A single strong subject is easier on the eyes when creating a message or story. This is more true for black and white.

A beautiful and vivid landscape will be various shades of gray in black and white and may be more confusing in black and white. Post Processing Have an idea on how you plan to process the photo since what you see when you take the photo, might not represent what you want as your final result. Have these things in mind and composing a better black and white photo will be easier. These are not all the things to consider about black and white composition, but its a start to get you thinking in black and white.

Remember to practice and figure out what works for you. Take Color Photos Do not be tempted to just set your camera to black and white in the settings. Take the photos in color. First, this will allow you more practice to visualize your composition in black and white without the aid of what your camera telling you how a monochromatic photo "should" look like.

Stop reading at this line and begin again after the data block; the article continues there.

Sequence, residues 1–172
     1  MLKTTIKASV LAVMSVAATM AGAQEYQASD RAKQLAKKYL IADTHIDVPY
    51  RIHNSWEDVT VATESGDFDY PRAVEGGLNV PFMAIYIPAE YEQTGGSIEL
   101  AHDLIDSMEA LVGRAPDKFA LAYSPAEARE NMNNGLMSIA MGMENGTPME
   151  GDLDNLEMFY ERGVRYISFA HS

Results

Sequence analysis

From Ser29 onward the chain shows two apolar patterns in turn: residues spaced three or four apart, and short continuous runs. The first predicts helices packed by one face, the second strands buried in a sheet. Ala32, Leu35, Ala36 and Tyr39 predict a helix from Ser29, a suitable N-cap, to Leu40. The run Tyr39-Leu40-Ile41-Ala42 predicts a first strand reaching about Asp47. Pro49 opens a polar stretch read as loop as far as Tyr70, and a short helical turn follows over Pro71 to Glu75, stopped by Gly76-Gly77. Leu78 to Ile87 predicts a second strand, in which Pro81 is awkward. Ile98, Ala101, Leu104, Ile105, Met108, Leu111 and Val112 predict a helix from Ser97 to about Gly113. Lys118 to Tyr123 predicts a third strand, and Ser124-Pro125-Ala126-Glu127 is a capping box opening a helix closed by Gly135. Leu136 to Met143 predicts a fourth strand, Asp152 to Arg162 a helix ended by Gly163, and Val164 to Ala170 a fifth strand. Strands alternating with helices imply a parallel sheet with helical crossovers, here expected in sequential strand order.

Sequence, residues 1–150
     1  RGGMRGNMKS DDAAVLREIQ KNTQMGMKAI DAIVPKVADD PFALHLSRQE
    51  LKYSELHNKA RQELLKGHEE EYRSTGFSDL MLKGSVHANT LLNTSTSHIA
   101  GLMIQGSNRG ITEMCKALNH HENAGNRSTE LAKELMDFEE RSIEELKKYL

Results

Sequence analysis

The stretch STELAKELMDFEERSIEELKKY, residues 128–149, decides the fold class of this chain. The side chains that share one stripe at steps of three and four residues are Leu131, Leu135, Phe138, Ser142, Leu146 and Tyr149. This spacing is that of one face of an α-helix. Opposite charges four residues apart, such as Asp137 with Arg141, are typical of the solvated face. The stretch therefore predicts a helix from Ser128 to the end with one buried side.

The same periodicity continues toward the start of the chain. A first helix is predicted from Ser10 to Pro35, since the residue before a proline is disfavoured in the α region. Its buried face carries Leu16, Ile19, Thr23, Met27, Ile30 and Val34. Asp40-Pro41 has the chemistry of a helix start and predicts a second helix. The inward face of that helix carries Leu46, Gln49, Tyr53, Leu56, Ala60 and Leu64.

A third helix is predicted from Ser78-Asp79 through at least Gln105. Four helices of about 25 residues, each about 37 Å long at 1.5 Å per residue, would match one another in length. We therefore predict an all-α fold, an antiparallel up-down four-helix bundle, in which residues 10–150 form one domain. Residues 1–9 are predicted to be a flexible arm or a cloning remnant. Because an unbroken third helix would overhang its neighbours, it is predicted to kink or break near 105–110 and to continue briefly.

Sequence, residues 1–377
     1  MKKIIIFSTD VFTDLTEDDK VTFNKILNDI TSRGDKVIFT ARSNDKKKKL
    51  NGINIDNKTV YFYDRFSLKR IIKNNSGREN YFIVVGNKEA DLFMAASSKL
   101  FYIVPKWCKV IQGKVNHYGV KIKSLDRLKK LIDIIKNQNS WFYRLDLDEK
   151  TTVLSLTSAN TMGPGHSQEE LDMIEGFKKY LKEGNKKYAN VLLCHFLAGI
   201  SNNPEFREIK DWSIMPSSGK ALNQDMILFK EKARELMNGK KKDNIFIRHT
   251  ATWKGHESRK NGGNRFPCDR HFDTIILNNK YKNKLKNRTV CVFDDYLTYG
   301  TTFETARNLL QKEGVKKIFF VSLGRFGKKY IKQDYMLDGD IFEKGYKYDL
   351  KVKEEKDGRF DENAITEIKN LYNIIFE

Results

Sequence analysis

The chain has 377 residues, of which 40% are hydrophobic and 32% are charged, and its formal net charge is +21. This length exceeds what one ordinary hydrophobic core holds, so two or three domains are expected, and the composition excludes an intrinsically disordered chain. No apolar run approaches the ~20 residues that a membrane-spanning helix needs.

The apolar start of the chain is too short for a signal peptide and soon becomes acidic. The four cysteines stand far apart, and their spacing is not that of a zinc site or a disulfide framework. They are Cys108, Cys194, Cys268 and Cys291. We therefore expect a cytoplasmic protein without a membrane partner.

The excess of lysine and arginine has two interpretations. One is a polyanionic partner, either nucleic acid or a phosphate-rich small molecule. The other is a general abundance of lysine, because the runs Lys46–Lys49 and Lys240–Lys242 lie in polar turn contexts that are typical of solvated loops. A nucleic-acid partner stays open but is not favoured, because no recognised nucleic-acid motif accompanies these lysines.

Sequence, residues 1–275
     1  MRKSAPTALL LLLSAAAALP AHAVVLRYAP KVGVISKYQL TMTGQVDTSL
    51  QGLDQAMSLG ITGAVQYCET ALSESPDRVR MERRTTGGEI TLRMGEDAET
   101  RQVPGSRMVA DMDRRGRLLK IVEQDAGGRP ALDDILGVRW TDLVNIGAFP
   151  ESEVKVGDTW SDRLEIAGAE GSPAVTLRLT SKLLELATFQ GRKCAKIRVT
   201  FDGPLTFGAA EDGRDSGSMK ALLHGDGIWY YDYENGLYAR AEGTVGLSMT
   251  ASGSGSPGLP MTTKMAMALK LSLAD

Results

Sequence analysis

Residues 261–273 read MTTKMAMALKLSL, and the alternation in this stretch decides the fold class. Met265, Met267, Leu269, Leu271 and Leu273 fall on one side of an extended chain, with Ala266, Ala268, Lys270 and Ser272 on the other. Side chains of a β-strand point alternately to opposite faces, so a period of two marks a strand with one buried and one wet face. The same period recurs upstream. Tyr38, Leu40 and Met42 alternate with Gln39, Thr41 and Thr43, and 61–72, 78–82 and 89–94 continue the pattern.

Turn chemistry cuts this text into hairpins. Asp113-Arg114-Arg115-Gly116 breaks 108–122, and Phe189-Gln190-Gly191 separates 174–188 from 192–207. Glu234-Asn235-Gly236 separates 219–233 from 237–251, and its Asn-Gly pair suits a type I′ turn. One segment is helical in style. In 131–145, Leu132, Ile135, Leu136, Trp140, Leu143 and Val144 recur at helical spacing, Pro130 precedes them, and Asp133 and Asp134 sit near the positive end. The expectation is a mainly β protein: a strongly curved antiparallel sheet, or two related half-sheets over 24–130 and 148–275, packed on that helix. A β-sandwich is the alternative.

Second, by taking the photo in color, you preserve all the color tones, white balance and exposure. This will allow greater range of post process editing compared to editing an already black and white photo that came off that camera. When you take a photo in black Less Is More - A Day In Black And White - Notes white, all the color tones will be discarded leaving less information for the post processing software to use.